just as the German shepherd is well known for their “bite,” they, most often males, are known for their aggressive tendencies. Rottweilers possess a personality that can be dominant and they are excessively big and strong to be the controlling force in your household.
Again, socialization and training as puppies are the keys to avoiding bad behavior or halting it immediately. You must become the alpha pack leader by always being consistent, firm, and in charge.
If Rottweilers do not receive enough exercise, they cannot only become overweight, but boredom leads to an unruly dog causing destructive behavior, stubbornness, and aggression.
Living in an apartment alone, you may long for a pet. Apartments are much more suitable for cats or small dogs.
Large dogs can live in an apartment and there is no hard and fast rule that says they can’t, but space in an apartment is tight and cramped.
Concessions can be made and your large dog will need plenty of exercise because there isn’t much room for excess energy in an apartment. This can lead to boredom and destructive behavior, leaving no one happy.
German shepherd or a Rottweiler. Which one is more suitable for an apartment?
German shepherds are very adaptable and can live in an apartment, but some criteria must be met before this happens to make everyone happy.
Sometimes German shepherds suffer from separation anxiety. Make sure your pup is either crate trained or well-behaved while you are away.
If you work long hours, consider a pet sitter or doggie daycare. Working from home would be perfect or you may work in an office that allows employees to take their pets to work. The best of both worlds!
German shepherds are barkers and if yours barks a lot whether you’re home or away, this will not make you a popular neighbor. It may not work out very well with you and your landlord either.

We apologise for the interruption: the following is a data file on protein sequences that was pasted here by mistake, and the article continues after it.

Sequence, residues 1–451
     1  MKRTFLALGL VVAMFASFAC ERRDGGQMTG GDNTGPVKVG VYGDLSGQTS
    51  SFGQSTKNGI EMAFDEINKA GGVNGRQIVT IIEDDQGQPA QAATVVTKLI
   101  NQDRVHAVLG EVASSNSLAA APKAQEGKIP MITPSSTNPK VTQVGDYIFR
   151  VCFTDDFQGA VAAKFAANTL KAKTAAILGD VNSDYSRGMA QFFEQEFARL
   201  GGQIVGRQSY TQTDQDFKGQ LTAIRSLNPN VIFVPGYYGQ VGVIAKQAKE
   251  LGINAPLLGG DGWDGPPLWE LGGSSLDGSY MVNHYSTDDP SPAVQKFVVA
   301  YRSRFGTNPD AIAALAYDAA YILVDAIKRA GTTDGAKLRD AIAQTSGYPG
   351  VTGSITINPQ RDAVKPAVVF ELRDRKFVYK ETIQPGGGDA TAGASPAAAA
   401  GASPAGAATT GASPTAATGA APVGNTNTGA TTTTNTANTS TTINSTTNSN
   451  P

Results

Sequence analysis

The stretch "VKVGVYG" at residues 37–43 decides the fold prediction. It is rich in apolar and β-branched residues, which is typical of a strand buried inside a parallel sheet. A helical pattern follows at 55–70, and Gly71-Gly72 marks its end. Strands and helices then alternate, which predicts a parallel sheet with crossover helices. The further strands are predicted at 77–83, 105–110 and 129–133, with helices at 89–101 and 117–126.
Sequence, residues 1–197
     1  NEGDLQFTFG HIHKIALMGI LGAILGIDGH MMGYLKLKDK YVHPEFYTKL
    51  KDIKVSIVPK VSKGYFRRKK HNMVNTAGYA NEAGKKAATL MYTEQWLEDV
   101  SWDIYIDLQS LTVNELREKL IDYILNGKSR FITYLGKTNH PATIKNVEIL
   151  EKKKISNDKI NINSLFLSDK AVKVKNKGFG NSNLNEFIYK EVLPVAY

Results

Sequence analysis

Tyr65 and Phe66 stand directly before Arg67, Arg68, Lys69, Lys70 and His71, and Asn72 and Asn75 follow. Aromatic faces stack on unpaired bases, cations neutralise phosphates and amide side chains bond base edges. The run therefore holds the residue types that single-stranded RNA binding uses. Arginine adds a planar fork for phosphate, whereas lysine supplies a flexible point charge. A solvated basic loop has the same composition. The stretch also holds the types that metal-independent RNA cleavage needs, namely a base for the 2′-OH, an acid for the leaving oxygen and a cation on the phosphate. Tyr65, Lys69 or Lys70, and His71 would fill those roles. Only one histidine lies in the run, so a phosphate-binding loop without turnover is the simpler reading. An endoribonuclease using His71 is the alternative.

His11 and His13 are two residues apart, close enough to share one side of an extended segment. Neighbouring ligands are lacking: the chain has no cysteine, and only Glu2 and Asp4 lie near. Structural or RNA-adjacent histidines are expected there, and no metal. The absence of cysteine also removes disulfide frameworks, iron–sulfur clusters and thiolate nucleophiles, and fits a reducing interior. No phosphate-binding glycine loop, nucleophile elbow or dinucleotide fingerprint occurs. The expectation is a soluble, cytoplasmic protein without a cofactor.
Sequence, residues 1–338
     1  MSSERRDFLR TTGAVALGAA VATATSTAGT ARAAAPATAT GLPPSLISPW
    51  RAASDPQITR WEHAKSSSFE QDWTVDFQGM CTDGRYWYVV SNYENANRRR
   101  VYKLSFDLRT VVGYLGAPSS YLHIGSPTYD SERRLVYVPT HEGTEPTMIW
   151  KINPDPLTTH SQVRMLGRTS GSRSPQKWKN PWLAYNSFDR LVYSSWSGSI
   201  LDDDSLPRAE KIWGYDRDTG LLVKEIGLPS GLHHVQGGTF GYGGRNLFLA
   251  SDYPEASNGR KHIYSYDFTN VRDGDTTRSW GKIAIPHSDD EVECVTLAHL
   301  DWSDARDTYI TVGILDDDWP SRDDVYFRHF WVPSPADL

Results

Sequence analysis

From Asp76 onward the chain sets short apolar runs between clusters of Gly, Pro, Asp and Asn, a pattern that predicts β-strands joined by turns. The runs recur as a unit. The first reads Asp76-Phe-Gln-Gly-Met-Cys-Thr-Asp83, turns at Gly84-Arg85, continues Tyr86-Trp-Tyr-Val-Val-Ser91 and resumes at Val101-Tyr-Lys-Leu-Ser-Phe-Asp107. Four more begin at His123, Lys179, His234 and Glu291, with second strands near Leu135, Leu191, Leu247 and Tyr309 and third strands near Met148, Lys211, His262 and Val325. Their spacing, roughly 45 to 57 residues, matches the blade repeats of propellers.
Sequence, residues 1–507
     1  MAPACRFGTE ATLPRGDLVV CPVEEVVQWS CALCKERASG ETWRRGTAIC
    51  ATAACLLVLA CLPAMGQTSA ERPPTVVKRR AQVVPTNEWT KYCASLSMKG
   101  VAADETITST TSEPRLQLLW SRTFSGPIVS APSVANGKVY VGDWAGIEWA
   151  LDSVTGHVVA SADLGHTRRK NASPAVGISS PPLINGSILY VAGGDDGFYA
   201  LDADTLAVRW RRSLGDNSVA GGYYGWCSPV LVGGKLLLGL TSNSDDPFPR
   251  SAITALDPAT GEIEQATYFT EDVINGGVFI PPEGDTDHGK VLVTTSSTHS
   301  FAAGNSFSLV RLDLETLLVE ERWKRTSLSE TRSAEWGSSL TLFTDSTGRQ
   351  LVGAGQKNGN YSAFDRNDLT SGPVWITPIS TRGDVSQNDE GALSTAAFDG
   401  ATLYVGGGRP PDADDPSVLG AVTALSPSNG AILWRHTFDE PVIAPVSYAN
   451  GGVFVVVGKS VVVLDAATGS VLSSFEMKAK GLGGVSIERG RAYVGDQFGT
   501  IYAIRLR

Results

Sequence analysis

Exercise and plenty of it will be necessary so your pup uses pent-up energy and doesn’t become bored.
Your shepherd should be a well-socialized dog as neighbors are close to an apartment building.
With everyone coming and going in small hallways and elevators or stairways, you want a friendly dog. A large dog puts off many people.
Training is the answer for a well-behaved German shepherd even if it means guided obedience classes, which is a good idea for you and your shepherd.
Rottweiler puppies need plenty of exercises because they have tons of energy. As an adult though, because of their size, a Rottweiler has a lower energy level.
They still need exercise so they don’t become overweight or bored. Boredom could lead to destructive behavior.
Rottweilers love to be with their family, so they can also suffer from separation anxiety. This is also where destructive behavior can rear its ugly head.
Do not leave any dog alone for long periods of time and gradually work up to the point where you will be away for a few hours. See how they do at first.
Don’t begin by leaving them for a full workday or you may come home to a big surprise that would be an unpleasant one.
Your neighbors may also be intimidated by your dog’s size, so being friendly is a plus. Your pup may revel in all of the attention they get from neighbors.
Once again by socializing with your Rottweiler and training properly click this link for the dog training class Brain Training For Dogs you can avoid any problems altogether while having a very obedient and affectionate dog.
When weighing in on which breed is more suitable for an apartment? I will say that although a small apartment would be better suited for a small dog.
A large dog can do fabulously in an apartment as well, with proper training, socialization, and plenty of exercise.
The breed that would be slightly better suited for apartment living would be the Rottweiler because they are less active than the German shepherd.
This is not to say a German shepherd wouldn’t work in an apartment setting. Every individual dog has his or her own unique personality and this would be the determining factor.
If you live in an apartment, speak with your landlord before getting a German shepherd or Rottweiler.
They may not allow pets at all and unfortunately, because of the German shepherd and Rottweiler’s reputation and with insurance and liability higher for the two, they may be prohibited.
If allowed and you have your heart set on either breed, do some research and know beforehand what is entailed. With time, love, patience, and training, you can have an apartment and a large dog too!